, Land Line state legislative editor | Tuesday, April 19, 2011
Truckers and other drivers in Texas could soon be allowed to travel at the same speed, night and day.
Texas law now authorizes motorists to travel 70 mph during the day along most rural highways. The speed limit drops to 65 mph at night. Trucks travel slower than other vehicles throughout the day.
Sections of Interstate 10 and Interstate 20 in west Texas are posted at 80 mph during the day for motorists while trucks are limited to 70 mph. Speeds for all vehicles are lowered to 65 mph at night.
The House voted 146-2 on Monday, April 18, to advance a bill to the Senate that would increase the speed limit on most rural highways to 75 mph day and night – as long as state studies deem it safe. In addition, any speed differential between cars and trucks would be eliminated.
The 80 mph speed limit in west Texas would also apply to all vehicles 24 hours a day.
Rep. Gary Elkins, R-Houston, pointed out that Texas is the lone state in the country with slower nighttime speed limits. He said it is time to make a change because the slower speeds are outdated.
“This is a leftover from the past. Every other state has abolished slower nighttime speed limits. It’s obviously not a safety concern,” Elkins told Land Line.
Another benefit to the change noted by Elkins is that the 75 mph limit would help truckers move goods in a more efficient manner across the state.
If approved, cities would have authority to establish speed limits, based on engineering and traffic studies, for highways that run through their municipalities. Speed limits for all vehicles would be required to be the same day and night.
Todd Spencer, executive vice president for the Owner-Operator Independent Drivers Association, said the only speed limit policy that makes sense is to have all vehicles traveling at the same speed.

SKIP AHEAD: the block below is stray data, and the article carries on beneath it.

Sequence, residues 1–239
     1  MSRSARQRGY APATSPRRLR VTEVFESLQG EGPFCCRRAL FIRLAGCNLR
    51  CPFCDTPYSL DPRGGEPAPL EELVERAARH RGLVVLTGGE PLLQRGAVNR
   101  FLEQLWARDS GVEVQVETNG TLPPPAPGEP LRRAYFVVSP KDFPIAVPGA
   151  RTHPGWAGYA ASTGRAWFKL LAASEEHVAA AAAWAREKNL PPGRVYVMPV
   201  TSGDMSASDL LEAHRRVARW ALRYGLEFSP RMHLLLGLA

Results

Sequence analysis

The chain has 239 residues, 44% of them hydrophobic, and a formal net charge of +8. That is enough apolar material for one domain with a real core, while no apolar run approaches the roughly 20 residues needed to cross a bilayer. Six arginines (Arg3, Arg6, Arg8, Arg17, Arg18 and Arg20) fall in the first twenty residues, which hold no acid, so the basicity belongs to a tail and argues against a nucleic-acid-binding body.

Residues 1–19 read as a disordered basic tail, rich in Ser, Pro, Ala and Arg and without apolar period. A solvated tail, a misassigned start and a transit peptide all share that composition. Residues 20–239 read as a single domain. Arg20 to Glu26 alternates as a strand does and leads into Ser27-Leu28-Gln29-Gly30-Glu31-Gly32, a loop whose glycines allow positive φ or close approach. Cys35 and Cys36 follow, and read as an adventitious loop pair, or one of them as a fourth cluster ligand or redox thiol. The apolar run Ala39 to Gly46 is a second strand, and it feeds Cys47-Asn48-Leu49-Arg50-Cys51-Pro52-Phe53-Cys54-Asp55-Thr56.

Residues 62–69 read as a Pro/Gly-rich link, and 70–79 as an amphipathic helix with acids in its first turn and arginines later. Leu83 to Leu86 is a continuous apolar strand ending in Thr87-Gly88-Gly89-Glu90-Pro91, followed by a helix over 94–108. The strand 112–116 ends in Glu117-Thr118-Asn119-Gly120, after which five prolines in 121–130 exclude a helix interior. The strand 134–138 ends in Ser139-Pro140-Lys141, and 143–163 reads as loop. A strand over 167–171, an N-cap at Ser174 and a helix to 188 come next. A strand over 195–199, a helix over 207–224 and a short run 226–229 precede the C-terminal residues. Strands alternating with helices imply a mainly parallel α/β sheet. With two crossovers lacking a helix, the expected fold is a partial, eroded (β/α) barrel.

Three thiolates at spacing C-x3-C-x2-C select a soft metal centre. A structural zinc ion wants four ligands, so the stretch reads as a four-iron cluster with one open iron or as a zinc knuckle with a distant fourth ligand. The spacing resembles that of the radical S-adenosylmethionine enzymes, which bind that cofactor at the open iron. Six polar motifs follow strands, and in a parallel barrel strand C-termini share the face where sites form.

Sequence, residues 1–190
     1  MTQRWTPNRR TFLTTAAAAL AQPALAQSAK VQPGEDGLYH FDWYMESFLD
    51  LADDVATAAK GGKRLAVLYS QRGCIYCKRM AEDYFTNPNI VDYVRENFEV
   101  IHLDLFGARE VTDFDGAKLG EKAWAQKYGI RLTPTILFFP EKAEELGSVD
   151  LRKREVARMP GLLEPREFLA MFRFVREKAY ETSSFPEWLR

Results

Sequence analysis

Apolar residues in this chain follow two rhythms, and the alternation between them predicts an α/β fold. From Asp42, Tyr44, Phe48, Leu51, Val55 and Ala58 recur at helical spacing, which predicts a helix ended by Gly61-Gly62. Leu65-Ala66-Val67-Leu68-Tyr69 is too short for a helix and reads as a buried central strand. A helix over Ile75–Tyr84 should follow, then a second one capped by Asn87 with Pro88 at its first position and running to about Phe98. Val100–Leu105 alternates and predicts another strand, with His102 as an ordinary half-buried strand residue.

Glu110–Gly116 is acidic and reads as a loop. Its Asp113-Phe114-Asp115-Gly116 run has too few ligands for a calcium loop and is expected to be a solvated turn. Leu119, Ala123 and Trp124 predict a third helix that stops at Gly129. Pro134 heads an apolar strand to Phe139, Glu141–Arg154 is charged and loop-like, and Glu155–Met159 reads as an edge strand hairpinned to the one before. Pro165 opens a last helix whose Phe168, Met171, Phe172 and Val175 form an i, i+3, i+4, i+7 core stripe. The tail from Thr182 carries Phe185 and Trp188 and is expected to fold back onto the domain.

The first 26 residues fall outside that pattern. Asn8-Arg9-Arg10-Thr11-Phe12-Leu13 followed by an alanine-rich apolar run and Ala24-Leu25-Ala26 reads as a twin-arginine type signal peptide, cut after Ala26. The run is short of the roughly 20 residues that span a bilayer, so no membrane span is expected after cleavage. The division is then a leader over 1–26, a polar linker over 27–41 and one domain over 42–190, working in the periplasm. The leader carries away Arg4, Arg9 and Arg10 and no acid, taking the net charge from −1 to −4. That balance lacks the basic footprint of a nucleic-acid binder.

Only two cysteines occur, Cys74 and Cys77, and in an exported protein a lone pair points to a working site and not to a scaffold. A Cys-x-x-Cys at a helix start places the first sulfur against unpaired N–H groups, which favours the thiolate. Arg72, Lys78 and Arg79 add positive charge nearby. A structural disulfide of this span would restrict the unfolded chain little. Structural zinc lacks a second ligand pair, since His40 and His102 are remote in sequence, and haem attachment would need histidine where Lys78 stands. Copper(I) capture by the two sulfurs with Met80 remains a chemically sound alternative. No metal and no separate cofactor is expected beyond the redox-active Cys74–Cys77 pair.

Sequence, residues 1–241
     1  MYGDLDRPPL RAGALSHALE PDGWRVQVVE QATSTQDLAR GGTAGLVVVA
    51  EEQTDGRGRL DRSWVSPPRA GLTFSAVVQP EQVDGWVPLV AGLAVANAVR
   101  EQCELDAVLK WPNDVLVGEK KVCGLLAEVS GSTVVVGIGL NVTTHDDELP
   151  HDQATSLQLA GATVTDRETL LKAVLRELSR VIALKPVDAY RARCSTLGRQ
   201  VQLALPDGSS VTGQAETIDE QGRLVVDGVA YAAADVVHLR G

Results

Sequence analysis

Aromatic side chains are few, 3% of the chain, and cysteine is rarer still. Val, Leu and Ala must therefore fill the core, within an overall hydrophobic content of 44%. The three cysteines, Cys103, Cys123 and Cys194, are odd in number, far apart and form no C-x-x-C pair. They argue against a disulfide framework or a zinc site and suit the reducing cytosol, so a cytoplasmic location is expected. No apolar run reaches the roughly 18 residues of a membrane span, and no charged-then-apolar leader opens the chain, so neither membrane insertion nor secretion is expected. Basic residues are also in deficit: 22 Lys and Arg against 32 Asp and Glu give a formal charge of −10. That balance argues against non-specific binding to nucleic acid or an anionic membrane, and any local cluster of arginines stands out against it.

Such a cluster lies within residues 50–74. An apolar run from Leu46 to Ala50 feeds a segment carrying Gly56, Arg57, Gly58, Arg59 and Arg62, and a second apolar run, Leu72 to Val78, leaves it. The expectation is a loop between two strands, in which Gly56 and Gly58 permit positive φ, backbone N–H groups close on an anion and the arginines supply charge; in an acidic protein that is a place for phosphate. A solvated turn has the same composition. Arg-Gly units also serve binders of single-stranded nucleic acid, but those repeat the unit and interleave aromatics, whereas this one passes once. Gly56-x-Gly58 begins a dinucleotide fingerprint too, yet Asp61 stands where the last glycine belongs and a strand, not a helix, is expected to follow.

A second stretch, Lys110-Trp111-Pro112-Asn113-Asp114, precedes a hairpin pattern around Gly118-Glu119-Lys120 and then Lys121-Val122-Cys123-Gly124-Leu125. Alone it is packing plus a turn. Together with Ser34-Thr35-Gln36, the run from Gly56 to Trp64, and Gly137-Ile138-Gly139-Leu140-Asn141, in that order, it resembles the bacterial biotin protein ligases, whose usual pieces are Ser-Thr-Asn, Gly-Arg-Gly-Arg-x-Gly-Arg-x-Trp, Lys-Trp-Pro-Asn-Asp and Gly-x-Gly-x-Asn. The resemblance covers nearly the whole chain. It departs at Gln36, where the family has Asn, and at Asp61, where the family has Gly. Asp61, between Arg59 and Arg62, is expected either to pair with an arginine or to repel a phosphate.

“In every instance that lawmakers look at the issue of speeds the only policy that makes sense is having all vehicles travel at or close to the same speed,” Spencer said.
Elkins made the same point.
“Everybody should be able to drive the same speed. When you have trucks driving a different speed, it creates a hazard,” he said.
Critics say higher speed limits will result in less fuel efficiency. They also question the wisdom of acting while fuel prices are rising.
OOIDA Senior Member Danny Schnautz of Pasadena, TX, said he favors the change. He said it is up to him to decide what works best. Schnautz is in charge of operations, sales and accounting for Clark Freight Lines in Pasadena, TX.
“We all balance out efficiency with productivity. We do that as we work and drive every day. It’s up to me to decide where my balance is for productivity,” Schnautz said.
Elkins also addressed the concern about fuel efficiency.
“My experience is that people are already driving 75,” Elkins said. “So they must not be too concerned about it.”
The bill – HB1353 – is awaiting assignment to committee in the Senate. If approved there, it would move to Gov. Rick Perry’s desk.
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